The most obvious way in which birds and other animals could find their way around on a day-to-day basis is by use of landmarks or other consistent features of their home areas. This explains how some migrant birds manage to return to exactly the same nesting places year after year. But such features are useful only in familiar areas, and when moving over longer distances into unknown terrain, a reliable geographical reference system is needed for navigation. At least two types of factors can act as compasses - celestial and geomagnetic - and both are used by birds as directional aids (for reviews see Emlen 1975, Able 1980, Wiltschko & Wiltschko 1995, 2003, Berthold 1996, Akesson 2003). In migratory birds, compasses based on the sun (and various sunset cues), stars and magnetic information have been studied in detail, but a prior requirement for using any compass is that the bird should 'know' beforehand - either by inheritance or experience - what direction it has to take. Also, effective use of any of these compasses requires a period of learning, and frequent revision as the bird continually changes location while on migration.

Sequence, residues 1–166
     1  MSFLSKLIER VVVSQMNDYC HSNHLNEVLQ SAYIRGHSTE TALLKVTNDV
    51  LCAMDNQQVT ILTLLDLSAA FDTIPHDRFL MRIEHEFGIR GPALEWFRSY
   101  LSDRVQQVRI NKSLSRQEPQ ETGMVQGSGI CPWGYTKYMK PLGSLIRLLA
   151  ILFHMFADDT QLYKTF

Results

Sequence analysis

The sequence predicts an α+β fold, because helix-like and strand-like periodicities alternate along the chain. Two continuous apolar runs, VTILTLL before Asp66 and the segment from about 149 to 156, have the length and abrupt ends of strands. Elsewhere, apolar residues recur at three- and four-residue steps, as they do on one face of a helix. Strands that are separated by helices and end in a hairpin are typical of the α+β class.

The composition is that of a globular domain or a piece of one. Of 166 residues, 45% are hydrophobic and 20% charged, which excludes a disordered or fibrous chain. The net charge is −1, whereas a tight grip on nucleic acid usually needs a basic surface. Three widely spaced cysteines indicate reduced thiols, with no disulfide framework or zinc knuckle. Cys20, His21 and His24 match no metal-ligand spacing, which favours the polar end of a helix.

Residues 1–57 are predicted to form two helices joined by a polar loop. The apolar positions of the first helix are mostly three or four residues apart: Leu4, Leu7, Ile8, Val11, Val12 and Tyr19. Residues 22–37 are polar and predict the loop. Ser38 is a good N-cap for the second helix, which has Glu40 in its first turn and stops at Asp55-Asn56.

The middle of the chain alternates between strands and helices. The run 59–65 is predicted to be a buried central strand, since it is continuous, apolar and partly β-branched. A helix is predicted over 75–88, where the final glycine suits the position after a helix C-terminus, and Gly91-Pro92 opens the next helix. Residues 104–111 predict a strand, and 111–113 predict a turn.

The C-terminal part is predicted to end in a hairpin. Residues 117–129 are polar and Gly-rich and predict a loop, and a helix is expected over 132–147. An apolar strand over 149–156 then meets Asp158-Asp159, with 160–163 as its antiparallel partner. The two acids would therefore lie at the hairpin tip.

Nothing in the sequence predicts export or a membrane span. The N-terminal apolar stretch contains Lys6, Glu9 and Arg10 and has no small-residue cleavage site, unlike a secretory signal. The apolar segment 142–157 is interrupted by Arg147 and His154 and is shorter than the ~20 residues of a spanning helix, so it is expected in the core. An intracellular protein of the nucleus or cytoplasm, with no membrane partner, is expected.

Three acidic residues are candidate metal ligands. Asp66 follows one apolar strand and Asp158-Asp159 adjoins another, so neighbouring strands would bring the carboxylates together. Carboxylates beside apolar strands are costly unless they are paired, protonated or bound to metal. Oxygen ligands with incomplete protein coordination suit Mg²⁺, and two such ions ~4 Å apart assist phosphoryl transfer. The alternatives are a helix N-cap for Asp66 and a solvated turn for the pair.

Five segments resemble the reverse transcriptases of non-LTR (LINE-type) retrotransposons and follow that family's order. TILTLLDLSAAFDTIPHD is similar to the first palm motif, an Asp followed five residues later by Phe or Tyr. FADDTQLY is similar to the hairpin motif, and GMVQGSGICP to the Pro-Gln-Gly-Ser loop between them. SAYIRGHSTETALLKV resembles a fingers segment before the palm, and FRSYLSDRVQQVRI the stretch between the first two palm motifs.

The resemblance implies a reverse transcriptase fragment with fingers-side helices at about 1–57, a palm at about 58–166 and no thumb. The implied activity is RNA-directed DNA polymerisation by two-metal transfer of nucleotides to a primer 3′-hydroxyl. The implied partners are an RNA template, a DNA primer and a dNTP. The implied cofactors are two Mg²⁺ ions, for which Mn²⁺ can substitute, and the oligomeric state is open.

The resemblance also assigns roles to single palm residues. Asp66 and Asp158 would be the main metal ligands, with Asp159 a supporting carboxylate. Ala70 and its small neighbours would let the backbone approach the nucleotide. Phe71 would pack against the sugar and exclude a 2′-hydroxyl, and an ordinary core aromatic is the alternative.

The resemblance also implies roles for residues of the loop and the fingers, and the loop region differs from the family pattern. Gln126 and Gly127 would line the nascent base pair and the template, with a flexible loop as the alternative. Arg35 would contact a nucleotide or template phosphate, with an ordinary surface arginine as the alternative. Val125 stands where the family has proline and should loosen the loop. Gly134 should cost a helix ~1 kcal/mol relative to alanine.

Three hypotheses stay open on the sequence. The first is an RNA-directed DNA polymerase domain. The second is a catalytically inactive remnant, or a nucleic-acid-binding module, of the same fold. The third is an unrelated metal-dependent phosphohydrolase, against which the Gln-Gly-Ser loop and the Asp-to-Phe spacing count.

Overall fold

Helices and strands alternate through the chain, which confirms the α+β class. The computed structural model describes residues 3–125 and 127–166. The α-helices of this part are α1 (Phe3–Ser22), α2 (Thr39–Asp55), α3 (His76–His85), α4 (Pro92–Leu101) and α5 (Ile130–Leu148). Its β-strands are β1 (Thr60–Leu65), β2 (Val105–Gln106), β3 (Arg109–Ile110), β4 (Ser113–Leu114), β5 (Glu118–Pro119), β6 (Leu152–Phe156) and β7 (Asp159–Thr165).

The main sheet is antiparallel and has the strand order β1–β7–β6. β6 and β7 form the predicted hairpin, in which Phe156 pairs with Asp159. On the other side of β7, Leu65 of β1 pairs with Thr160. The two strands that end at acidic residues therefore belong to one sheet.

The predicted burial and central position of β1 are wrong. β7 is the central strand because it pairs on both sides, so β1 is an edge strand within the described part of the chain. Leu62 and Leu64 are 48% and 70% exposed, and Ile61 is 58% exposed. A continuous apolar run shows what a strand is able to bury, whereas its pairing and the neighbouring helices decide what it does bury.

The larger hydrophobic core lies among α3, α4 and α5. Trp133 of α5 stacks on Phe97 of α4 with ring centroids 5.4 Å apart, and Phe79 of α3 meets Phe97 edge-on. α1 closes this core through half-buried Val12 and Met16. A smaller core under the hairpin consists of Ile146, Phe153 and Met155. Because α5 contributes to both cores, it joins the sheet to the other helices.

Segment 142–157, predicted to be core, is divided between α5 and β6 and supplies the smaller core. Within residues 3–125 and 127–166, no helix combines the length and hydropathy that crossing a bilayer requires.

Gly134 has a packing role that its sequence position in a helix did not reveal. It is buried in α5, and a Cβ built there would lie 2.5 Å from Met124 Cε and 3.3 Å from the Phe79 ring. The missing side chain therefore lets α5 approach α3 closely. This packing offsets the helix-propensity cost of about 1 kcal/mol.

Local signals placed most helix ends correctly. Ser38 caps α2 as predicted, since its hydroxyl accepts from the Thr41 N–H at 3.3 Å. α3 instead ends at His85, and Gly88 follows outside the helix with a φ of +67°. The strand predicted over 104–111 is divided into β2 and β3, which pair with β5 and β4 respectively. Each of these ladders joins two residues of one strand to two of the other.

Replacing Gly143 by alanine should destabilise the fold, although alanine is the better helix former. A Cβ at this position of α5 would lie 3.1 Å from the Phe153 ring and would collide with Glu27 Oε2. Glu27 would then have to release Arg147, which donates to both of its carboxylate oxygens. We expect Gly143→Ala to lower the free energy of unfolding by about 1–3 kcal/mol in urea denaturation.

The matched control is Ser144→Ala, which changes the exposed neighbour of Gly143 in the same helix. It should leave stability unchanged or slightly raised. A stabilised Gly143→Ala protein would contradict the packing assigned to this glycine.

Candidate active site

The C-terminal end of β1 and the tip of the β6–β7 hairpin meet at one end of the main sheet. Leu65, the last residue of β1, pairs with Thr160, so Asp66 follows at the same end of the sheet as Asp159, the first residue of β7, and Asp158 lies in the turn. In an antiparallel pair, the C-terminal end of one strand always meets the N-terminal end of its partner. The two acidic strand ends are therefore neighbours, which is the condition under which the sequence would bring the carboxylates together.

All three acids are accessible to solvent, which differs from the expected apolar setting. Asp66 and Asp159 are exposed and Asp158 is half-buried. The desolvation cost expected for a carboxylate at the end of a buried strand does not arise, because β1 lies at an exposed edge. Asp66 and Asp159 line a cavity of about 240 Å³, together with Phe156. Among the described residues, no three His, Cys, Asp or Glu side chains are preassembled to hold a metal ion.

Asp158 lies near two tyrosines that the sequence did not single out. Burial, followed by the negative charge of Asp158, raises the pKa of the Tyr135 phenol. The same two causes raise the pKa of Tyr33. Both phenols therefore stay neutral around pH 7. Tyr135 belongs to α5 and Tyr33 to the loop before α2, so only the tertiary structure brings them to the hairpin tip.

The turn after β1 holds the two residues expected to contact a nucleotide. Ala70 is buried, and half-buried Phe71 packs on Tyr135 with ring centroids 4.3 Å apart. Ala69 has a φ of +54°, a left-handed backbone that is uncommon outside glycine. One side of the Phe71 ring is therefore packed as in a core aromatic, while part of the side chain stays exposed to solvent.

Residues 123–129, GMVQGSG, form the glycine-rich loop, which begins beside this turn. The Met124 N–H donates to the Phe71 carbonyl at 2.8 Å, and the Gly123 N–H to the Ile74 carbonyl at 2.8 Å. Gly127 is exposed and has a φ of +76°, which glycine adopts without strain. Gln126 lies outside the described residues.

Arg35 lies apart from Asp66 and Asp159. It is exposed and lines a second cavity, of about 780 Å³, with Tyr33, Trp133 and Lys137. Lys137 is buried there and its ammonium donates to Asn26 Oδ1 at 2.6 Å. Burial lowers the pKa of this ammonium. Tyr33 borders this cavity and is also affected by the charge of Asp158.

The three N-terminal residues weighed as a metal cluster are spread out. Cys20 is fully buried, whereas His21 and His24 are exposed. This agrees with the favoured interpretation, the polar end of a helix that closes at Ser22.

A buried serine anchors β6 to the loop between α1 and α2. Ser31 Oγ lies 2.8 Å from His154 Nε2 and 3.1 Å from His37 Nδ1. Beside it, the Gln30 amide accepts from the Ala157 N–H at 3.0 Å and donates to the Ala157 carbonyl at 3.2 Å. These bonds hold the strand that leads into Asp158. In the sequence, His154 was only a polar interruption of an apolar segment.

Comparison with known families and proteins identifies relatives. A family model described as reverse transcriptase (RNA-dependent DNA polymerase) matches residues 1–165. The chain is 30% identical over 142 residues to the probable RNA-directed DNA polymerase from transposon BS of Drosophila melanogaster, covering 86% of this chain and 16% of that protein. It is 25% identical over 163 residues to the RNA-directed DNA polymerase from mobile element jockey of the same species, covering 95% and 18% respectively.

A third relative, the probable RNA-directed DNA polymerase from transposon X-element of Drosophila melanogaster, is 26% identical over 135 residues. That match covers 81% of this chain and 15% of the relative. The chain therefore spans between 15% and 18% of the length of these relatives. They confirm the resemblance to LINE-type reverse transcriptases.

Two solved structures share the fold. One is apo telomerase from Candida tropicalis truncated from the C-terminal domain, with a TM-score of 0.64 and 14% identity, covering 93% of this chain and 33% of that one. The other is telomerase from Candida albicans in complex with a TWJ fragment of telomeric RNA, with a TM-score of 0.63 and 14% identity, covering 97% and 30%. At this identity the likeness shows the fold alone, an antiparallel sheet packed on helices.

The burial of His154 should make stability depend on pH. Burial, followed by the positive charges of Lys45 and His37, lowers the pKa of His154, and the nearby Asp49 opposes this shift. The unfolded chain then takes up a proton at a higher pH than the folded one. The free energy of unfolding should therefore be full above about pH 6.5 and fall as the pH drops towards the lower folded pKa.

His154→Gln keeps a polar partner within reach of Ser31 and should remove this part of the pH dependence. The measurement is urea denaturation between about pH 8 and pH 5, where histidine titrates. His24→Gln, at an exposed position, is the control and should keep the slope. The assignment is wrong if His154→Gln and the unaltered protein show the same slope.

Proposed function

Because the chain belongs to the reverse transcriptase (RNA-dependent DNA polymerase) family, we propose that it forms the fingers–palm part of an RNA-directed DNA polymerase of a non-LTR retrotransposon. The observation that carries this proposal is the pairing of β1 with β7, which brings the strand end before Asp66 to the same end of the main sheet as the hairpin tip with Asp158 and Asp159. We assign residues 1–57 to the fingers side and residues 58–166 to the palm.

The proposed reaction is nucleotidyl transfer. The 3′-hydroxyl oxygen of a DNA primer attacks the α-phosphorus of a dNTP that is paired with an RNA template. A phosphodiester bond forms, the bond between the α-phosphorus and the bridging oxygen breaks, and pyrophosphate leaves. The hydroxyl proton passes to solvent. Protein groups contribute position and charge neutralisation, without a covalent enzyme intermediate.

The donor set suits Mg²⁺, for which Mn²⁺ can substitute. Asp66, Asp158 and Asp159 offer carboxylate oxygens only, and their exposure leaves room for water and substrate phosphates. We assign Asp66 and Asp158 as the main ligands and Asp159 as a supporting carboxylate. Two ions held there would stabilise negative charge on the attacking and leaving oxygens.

One feature of celestial cues, such as the sun and stars, is that they appear to change in position through each 24-hour cycle, as the earth spins on its axis. In the northern hemisphere, the sun lies in the south and moves during the day from east to west, and at night the stars rotate anticlockwise around the geographical north. In the southern hemisphere the sun lies in the north and moves from east to west, while the stars rotate clockwise around the geographical south. In using the sun and related factors in direction finding, therefore, birds in both hemispheres must allow for time of day. But the same is not necessarily true for star patterns if they are used solely to indicate geographical north or south, determined by the centre of rotation of the night sky. Time-keeping depends on the 'internal clock', kept to time by the regular day-night cycle.
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